Wednesday 15th September 2004
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Mark Kermode - Flight of fancy
Mark Kermode
Monday 6th September 2004
Film - Spielberg's latest proves he is on the runway to recovery, writes Mark Kermode

The Terminal (12A)

The entertainment value of any Steven Spielberg film is directly proportional to its inherent frivolity - fact. Despite enthusiastic attempts to adopt the portentous mantle of Stanley Kubrick, Spielberg's finest works have all been popcorn-friendly fluff. From the high-speed thrills of Duel and the bone-crunching shocks of Jaws, through the sci-fi shenanigans of Close Encounters and ET, to the whip-cracking spectacle of the Indiana Jones trilogy, no one has done upmarket B-movie rip-offs more efficiently than Spielberg. He consistently falls flat, however, when he starts to take himself seriously, provoking the "heartfelt" tedium of The Color Purple, the pompous plodding of Amistad and the dreary melodrama of Saving Private Ryan. While the heavyweight Holocaust drama of Schindler's List may have landed the prestigious Best Picture Oscar, it's the monster-munching fun of Jurassic Park that showcases Spielberg's true cinematic talents.

After boring the intellectual pants off everybody with the futuristic twaddle of AI: Artificial Intelligence (a film he "realised from the vision of the late Stanley Kubrick"), Spielberg seemed to be easing his way back towards blissful inconsequence with the caper movie Catch Me If You Can, in which Leonardo DiCaprio romped around the world on the strength of a winning smile and a psychotic sense of self-confidence. Now Spielberg taxis further along the runway to recovery with The Terminal, a tale of a man forced to live in an airport, which plays like Kafka as retold by Forrest Gump. Tom Hanks is Viktor Navorski, a native of the eastern European state of Krakozhia, whose country in effect disintegrates while he is in flight to New York. Arriving stateless at JFK with a now invalid passport, Viktor is forced to live in the airport until the US authorities, personified by a fidgety Stanley Tucci, figure out what to do with him. Cue entertainingly absurd gags about Hanks's character attempting to find his feet in a world of burger bars, public toilets and unaffordable consumer durables. He encounters a microcosm of American society, from the underpaid immigrant workers with whom he strikes up an inevitable friendship to the heartless upper-class bores from whose plush courtesy lounges he is unceremoniously ejected.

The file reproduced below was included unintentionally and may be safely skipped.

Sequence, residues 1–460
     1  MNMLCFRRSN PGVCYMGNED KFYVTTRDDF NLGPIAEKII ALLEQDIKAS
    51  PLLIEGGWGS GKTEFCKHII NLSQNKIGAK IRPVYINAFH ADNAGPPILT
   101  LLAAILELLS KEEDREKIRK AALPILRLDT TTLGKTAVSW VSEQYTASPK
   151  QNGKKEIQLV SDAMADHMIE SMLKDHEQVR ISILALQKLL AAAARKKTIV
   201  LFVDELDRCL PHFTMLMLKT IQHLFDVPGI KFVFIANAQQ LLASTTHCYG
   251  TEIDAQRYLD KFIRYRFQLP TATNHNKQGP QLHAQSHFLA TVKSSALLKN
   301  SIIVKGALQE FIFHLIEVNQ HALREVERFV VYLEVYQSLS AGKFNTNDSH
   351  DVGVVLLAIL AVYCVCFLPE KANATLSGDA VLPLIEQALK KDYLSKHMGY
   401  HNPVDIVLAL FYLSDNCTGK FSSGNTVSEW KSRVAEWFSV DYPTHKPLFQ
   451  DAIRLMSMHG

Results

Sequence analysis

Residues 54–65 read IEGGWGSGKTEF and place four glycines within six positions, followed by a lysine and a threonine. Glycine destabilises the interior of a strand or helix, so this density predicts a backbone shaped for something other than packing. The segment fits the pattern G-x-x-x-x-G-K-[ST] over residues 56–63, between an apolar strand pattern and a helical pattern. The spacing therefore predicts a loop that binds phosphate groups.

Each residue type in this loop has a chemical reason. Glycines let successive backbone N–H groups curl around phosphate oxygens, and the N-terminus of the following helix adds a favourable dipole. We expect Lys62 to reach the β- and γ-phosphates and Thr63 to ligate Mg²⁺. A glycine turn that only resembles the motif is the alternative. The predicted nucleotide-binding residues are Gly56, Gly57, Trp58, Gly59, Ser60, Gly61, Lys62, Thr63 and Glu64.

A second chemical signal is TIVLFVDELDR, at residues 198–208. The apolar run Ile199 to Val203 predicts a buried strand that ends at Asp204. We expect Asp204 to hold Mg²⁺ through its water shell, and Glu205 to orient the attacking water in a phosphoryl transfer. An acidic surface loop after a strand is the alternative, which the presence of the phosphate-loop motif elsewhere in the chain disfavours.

Apparently drawing inspiration from the real-life case of "Alfred Merhan", who spent several years in Charles de Gaulle Airport, The Terminal presents an extended riff on a single theme that would seem sorely overstretched were it not for the charms of its central players. Hanks is splendid as the bumbling Viktor, adding a fruity eastern twist to his amiable "everyman" shtick, wringing humour and pathos from a role that could easily have been merely irritating. Tucci, too, is in fabulous form as Viktor's officious nemesis Frank Dixon, a bureaucratic nightmare who attempts to explain the fate of Krakozhia by smashing up his neatly packed lunch, and whose interpersonal skills go downhill from there. The rising hostility between these two provides the comedic heart of the film, with the cinematographer Janusz Kaminski atmospherically contrasting their familiar facial inflections with the inhuman background of the airport. Scenes of Dixon watching Big Brother-style on CCTV as Viktor figures out how to scam quarters by returning baggage trolleys and then lands a construction job rebuilding one of the terminals are beautifully orchestrated and excellently played, getting the very best from these well-matched adversaries.

Poor old Catherine Zeta-Jones fares far less well as the lovelorn flight attendant Amelia Warren, a woefully underwritten role that miscasts her as a simpering dolt (despite her spiky turns in America's Sweethearts and Intolerable Cruelty) and smacks of a cynical ploy to attract a wide audience. Worse still is Spielberg's unstoppable desire to turn a neatly inconsequential gag ("Ever feel like you're living in an airport?") into a paradigm for "universal" human experience, resulting in the usual blend of dramatic hyperbole and saccharine-sweet sentiment - not to mention a running time that edges needlessly past the two-hour mark when 90 minutes would have more than sufficed. Sub-plots about the real reason for Viktor's pilgrimage to New York City facilitate much mawkish drivel about father-son loyalty, while a ludicrously protracted climax features the now familiar Spielbergian superfluity of endings - I counted at least three.

What Spielberg really needs is a producer brave enough to insist that he stop the waffle and cut to the chase - something a director of his unassailable stature is clearly never going to get. Instead, we will have to make do with the uneven but none the less undeniable charms of The Terminal. For all its faults, it is Spielberg's best film in years, reminding us what an effective entertainer he can be when not utterly overburdened by the hefty baggage of his own self-appointed cultural importance.
This article first appeared in the New Statesman. For the latest in current and cultural affairs subscribe to the New Statesman print edition.

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